Walmart In LA: Chinatown Store Protesters Say Walmart Employees Rely On Welfare (PHOTOS)

Walmart In Chinatown? The Fight Is On

At a rally Thursday against a new Walmart "Neighborhood Mart" moving into Los Angeles' Chinatown, employees argued the retailer's low wages have driven them to depend on food stamps and Medi-Cal, California's Medicaid program.

"This is my Medi-Cal card. I would like to thank my fellow citizens of California for providing benefits that my employer won't," Walmart employee Greg Fletcher said at the rally, which was held at the welfare office that serves downtown Los Angeles.

Walmart employees and labor organizers who gathered for the rally -- organized by the Los Angeles Alliance for a New Economy (LAANE) and OUR Walmart, a labor group fighting for improved Walmart working conditions -- said they end up relying on Medi-Cal because they cannot get full-time hours to qualify for benefits.

As organizer James Elmendorf put it, "Walmart asks for taxpayers to subsidize their bad business practices."

Fletcher, who works with his wife at the Walmart in Duarte, Calif., presented a blown-up photo of his California benefits card and said that both he and his wife depend on Medi-Cal. "What does it take to be full time? I want to be full time," Fletcher said. "I already work full-time hours as a part-time associate, yet I get none of the benefits."

Cesar Michel, a welfare worker at the Department of Public Social Services office, the site of the rally, said that he and his co-workers were "terrified" when they heard Walmart was coming to Chinatown.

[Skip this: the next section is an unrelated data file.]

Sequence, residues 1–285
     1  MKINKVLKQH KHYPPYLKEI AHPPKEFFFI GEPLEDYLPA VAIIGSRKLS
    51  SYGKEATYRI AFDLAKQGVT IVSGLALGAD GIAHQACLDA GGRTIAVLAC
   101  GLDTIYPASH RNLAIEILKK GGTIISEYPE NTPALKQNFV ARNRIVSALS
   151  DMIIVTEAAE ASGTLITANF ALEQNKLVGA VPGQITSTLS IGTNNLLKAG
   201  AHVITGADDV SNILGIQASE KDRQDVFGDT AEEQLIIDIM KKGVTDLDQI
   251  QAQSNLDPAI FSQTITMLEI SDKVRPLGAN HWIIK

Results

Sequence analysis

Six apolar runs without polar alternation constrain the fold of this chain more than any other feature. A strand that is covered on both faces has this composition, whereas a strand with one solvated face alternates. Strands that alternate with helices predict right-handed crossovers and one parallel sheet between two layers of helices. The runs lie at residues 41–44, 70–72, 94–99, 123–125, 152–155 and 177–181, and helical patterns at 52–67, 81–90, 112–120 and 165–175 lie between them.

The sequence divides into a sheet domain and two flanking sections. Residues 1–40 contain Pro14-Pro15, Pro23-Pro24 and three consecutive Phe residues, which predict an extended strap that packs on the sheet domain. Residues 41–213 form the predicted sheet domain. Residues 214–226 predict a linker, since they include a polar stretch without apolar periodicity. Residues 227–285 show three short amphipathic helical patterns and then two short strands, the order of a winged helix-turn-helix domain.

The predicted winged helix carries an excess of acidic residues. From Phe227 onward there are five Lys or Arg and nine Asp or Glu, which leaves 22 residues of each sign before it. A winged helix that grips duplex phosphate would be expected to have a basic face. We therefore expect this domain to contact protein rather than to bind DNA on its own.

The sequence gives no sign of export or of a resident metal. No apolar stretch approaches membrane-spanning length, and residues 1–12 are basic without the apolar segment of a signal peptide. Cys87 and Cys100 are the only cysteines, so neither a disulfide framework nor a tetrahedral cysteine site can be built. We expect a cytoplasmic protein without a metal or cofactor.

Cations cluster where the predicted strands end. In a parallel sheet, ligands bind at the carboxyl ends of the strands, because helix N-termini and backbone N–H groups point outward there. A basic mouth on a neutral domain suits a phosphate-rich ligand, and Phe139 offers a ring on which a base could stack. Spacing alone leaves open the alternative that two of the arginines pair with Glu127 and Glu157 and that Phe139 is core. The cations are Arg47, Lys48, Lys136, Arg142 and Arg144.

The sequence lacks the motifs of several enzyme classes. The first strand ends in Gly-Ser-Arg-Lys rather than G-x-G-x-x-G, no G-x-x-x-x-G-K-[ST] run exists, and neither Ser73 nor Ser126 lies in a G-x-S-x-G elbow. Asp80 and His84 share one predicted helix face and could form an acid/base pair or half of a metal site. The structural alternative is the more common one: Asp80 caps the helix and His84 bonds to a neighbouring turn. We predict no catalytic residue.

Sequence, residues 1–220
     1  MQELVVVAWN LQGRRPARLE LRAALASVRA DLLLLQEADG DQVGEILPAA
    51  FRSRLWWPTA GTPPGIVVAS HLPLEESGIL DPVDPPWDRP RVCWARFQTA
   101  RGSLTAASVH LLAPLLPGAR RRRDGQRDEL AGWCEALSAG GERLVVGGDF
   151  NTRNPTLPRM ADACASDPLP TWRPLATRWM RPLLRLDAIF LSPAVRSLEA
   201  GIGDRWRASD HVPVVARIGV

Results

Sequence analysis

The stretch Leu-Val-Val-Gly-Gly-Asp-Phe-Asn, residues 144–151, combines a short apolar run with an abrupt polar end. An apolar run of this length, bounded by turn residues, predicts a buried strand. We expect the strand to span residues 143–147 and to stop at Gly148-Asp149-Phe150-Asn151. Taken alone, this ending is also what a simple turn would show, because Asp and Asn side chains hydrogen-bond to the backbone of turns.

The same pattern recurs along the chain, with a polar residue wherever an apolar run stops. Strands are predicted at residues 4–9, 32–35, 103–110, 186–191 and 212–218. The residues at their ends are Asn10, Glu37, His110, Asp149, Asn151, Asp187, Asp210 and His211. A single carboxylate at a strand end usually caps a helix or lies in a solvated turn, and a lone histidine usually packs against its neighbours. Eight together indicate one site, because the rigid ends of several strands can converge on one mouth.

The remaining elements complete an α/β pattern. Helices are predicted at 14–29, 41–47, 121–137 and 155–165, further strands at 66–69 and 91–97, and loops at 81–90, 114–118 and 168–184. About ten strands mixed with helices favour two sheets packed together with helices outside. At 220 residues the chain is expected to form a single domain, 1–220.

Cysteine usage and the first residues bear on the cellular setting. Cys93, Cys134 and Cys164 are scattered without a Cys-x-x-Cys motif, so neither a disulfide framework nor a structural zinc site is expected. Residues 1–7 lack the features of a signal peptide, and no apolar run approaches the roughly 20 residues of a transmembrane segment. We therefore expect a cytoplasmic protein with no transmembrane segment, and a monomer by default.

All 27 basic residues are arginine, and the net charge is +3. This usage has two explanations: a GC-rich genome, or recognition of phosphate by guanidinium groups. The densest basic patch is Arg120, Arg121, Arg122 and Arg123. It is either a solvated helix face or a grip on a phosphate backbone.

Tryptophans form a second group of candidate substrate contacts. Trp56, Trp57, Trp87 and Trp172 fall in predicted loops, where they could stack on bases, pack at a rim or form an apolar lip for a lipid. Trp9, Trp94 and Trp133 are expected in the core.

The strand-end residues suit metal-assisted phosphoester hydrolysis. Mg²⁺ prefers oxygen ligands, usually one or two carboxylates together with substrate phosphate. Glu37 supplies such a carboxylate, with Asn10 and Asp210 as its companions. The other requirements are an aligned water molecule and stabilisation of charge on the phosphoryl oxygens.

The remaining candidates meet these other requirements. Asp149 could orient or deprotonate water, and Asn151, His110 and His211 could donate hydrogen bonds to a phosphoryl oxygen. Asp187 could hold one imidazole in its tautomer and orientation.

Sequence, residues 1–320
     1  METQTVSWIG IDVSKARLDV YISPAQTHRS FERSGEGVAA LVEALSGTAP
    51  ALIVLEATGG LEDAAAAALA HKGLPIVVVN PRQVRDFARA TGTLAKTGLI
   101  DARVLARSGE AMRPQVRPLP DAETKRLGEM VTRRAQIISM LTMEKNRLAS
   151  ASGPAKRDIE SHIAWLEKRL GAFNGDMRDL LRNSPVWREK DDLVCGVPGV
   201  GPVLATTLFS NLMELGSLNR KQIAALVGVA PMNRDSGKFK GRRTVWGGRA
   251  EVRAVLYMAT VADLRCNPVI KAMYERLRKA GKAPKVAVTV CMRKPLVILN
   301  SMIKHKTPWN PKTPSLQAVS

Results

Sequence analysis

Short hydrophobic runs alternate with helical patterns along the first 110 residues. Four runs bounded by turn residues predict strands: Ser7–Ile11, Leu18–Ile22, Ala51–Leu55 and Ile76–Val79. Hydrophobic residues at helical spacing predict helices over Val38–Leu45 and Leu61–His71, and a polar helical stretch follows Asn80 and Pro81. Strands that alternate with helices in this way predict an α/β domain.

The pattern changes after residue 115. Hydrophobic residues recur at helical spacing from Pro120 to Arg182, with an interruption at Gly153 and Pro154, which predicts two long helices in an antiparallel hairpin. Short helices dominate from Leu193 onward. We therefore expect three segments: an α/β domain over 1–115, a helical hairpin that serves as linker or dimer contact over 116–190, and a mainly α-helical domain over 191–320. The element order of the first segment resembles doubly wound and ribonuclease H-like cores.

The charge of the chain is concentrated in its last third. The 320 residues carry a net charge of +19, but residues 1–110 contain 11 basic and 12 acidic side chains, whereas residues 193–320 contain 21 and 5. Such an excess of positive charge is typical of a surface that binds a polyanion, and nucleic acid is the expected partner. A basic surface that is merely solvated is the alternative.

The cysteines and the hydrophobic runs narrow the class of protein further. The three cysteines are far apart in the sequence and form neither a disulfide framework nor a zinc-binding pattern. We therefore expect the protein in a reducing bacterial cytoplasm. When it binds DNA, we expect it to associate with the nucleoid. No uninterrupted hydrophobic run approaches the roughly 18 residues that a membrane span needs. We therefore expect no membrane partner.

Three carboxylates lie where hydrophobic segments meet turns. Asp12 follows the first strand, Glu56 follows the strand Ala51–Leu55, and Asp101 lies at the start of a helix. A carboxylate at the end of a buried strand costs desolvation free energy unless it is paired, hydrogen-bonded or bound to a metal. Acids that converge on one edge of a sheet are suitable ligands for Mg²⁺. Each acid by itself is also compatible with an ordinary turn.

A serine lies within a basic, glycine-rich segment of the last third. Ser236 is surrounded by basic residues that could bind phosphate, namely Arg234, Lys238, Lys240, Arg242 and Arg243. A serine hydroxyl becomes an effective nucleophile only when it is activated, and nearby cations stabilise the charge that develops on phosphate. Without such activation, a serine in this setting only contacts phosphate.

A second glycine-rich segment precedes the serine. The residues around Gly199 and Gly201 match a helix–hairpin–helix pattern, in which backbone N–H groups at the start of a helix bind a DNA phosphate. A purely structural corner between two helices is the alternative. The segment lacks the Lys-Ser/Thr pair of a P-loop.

"We know and have seen that Walmart has encouraged its employees to apply for welfare and Medi-Cal at some of our offices," he said. "Yet Los Angeles can’t afford the cost of more Walmart jobs. With huge budget cuts and reductions in staff in the past few years and more likely to come, we already are stretched thin at DPSS."

Walmart employees also shared accounts of staff numbers being cut almost in half -- leaving overwhelming workloads for those who are left -- as well as stories about disregarded injuries on the job and stories revealing intimidation and retaliation from managers looking to cut hours and employees.

The final speaker at the rally was Cynthia Brambila, a single mother and grocery worker at Vons on Sunset and Virgil. She spoke about her "love" for the job and said that it provides full benefits and enough money to take care of her daughter. She expressed concern that a Walmart in Chinatown could jeopardize good jobs like hers.

Walmart spokesman Steven Restivo told The Huffington Post that it is "simply not true" that Walmart encourages its employees to apply for public assistance. "We have health plans as inexpensive as $15 per bimonthly pay period. And the majority of our employees nationwide are full time and qualify for benefits," he said.

Restivo added that Walmart will hire about 65 employees in its Chinatown store and that Walmart's average hourly wage in California is $12.69.

However, the organizers of the rally say that accounts from employees do not reflect that figure. Many said their earnings were more in line with a study that found Walmart's average hourly wage is $8.81.

Elmendorf, deputy director of LAANE, told HuffPost that Thursday's rally was the first of more to come in a fight against Walmart in Chinatown and in Southern California as a whole, as the country's largest retailer gears up to build more stores in Los Angeles, Orange County and San Diego.

Click through photos and transcribed testimonials read by Walmart employees at the rally:

Greg Fletcher, Duarte Walmart Employee

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